HOUSTON — Although the metallocene polymer market is still working to establish itself commercially, a new group of catalysts has appeared on the horizon promising improved performance in an even wider range of plastics.
And resin makers who stop to catch their breath during this research race will find themselves wandering somewhere south of nowhere formulating answers for angry stockholders.
That was the view from Metcon 98, a global metallocene conference organized by Catalyst Group in Houston June 10-11.
``The technology has created a gap between contenders and wanna-bes and players,'' said Howard Blum, vice president of Spring House, Pa.-based Catalyst Group. ``And it's not just a question of being a resin producer but a question of being a catalyst and co-catalyst and support producer.''
Blum listed Dow Chemical Co. and Exxon Corp. as the only two resin makers who have proven their metallocene products are worthy at the commercial level. Dow has done so with its Insite technology, while Exxon has successfully marketed its Exxpol process.
Mobil Co., BASF AG and Union Carbide Corp. each have metallocene technology that has generated more technological than commercial interest to date, while developing metallocene work from DSM NV, Phillips Petroleum Co. and Borealis AG are expected eventually to have commercial importance, Blum said.
Metallocene polypropylene is so far limited to efforts from Fina Inc., Exxon and Targor, a BASF/Hoechst AG joint venture.
The new group of products consists of single-site organometallic catalysts, which are part of a broader spectrum of technology that Blum said will eventually envelop metallocenes.
``Metallocene and single-site materials have hastened industry restructuring,'' Blum said. ``And single-site organometallic catalysts will change the focus of metallocenes.''
Companies with single-site organometallics commercialized or in development include DuPont Co. (Versipol), Shell Chemical Co. (Carilon, Corterra), BP Chemicals/GE Plastics (Ketonex), B.F. Goodrich Co. (Avatrel, Appear) and Exxon, whose work in this area has included exploring nickel, palladium and other metals for use in catalysts.
``It goes to show how the whole area of single-site catalysts has just exploded,'' said Doug Selman, Exxon's vice president of polymers technology. ``People have taken the knowledge they learned from metallocenes and applied it to nonmetallocene single-site catalysts.''
There may be a practical reason behind this scientific curiousity. Selman said the metallocene patent field is ``pretty much locked up,'' which probably played a role in the nonmetallocene drive.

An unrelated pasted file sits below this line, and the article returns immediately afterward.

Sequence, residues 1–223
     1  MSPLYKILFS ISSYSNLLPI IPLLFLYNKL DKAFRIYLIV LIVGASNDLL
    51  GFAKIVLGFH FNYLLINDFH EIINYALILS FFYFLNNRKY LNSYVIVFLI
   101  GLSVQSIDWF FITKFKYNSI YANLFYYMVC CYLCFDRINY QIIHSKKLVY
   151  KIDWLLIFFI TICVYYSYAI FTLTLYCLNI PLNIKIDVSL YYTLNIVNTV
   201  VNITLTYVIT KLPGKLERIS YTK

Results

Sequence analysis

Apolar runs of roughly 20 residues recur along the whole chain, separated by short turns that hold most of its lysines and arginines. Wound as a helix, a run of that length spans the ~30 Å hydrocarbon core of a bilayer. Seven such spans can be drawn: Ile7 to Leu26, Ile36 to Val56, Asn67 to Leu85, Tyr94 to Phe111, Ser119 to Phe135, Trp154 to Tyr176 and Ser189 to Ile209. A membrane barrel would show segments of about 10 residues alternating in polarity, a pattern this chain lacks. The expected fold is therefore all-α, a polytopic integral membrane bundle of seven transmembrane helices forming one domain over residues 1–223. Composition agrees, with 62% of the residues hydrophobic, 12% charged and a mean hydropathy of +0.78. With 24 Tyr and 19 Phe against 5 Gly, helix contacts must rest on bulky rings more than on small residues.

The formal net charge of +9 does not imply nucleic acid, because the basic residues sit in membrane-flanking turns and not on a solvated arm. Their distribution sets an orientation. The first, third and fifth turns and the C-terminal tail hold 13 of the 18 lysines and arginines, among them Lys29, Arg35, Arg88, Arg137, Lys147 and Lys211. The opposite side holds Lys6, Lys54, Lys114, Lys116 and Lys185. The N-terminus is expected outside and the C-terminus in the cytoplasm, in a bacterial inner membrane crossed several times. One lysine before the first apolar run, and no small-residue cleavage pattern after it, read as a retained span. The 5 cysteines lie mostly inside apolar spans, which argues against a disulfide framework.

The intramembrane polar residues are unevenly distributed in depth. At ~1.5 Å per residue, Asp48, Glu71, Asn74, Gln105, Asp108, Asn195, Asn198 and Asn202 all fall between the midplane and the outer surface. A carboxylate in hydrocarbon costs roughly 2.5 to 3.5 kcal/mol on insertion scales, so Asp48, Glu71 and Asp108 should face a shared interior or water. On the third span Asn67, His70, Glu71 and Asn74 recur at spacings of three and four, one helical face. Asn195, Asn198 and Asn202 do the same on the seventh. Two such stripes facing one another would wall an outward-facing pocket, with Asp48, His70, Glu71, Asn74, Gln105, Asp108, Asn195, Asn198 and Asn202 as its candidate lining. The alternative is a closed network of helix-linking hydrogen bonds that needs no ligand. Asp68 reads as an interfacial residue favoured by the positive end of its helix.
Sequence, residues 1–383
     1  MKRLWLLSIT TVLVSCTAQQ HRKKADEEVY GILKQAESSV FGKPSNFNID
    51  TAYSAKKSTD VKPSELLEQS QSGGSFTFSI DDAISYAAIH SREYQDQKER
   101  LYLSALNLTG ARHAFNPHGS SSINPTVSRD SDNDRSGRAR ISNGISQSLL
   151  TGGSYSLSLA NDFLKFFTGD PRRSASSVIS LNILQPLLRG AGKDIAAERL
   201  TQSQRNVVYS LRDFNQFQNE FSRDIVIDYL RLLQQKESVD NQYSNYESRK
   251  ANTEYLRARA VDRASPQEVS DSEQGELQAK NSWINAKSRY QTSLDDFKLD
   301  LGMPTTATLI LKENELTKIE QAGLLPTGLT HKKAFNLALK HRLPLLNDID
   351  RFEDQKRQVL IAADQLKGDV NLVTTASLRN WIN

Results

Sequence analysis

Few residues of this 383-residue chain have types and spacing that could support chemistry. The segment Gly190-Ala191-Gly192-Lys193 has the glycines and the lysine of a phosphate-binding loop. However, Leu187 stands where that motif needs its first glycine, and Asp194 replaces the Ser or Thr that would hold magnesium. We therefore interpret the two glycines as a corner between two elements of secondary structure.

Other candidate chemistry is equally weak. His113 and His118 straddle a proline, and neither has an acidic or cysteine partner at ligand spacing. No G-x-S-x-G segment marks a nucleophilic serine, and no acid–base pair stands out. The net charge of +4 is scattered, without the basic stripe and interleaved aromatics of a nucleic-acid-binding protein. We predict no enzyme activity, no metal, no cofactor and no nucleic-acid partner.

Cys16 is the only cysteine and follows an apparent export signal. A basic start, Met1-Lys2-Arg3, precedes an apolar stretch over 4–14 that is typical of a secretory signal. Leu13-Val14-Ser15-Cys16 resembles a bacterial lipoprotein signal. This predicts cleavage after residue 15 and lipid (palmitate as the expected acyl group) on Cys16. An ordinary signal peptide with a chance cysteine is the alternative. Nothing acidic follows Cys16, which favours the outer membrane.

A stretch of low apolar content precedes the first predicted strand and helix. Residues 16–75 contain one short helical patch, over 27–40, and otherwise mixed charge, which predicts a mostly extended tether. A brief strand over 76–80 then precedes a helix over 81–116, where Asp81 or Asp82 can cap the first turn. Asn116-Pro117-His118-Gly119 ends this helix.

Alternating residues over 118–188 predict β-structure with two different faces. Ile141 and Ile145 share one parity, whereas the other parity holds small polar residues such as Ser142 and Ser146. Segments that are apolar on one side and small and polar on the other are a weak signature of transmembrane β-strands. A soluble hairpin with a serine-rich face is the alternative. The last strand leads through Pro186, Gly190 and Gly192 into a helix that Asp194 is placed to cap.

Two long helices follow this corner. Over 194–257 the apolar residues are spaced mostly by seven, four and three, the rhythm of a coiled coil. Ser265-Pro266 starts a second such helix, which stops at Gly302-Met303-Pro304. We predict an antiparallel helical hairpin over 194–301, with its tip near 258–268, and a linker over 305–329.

The lessons learned by the first metallocene makers also are likely to benefit single-site commercialization. Selman said it took Exxon nine years to produce commercial resin based on its metallocene catalysts, but new single-site materials may be able to reach that stage in five years.
And even at Phillips, a firm that recently refocused and increased its efforts to market its metallocene technology, polymers and materials division manager Don Brady sees the rise in nonmetallocene work as a good thing.
``I think it will be for the overall benefit of the industry,'' Brady said of the new technology. ``It will broaden the opportunities for new catalysts and create opportunities for new materials.''
With this much going on back in the lab, it's a good thing industry officials, as well as consultants such as Kenneth Sinclair, foresee a bright future for metallocenes.
``Resin producers have gotten rid of their wooden clubs and are now using laser-guided weapons to beat up the competition,'' said Sinclair, principal of STA Research of Sunnyvale, Calif.
``Hard-won positions are now seriously threatened,'' Sinclair added. ``It's not just a matter of consolidation and cost reduction — you might not have anything to sell in the future as market share goes to single-site catalysts.''
Sinclair expects annual metallocene/single-site PE production to soar from 1 billion pounds in 1998 to 3.2 billion in 2000 and skyrocket to more than 120 billion by 2015. This consumption will be split between new polyethylene applications, new low density PE substitutes and what Sinclair calls ``polyethylene cannibals'' — one-to-one replacements of existing commodity PE applications.
Sinclair also foresees the metallocene/single-site market shifting from an 83 percent commodity base in 1996 to a 73 percent commodity base in 2001 as specialties and enhanced ``commodity-plus'' materials consume a larger part of the pie.
The payoff could be huge, allowing metallocene/single-site makers to recover the substantial investments they've made in the technology. Added value of $330 million in 2000 could be as high as $8.3 billion in 2015, Sinclair said.
``Recovering that money is as safe as money in the bank,'' he said.